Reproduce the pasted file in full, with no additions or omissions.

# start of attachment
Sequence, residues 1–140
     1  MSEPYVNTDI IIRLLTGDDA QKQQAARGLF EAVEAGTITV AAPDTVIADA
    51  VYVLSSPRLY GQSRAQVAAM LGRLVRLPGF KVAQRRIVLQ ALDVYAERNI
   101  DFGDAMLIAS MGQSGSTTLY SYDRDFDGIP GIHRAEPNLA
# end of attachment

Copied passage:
Sequence, residues 1–140
     1  MSEPYVNTDI IIRLLTGDDA QKQQAARGLF EAVEAGTITV AAPDTVIADA
    51  VYVLSSPRLY GQSRAQVAAM LGRLVRLPGF KVAQRRIVLQ ALDVYAERNI
   101  DFGDAMLIAS MGQSGSTTLY SYDRDFDGIP GIHRAEPNLA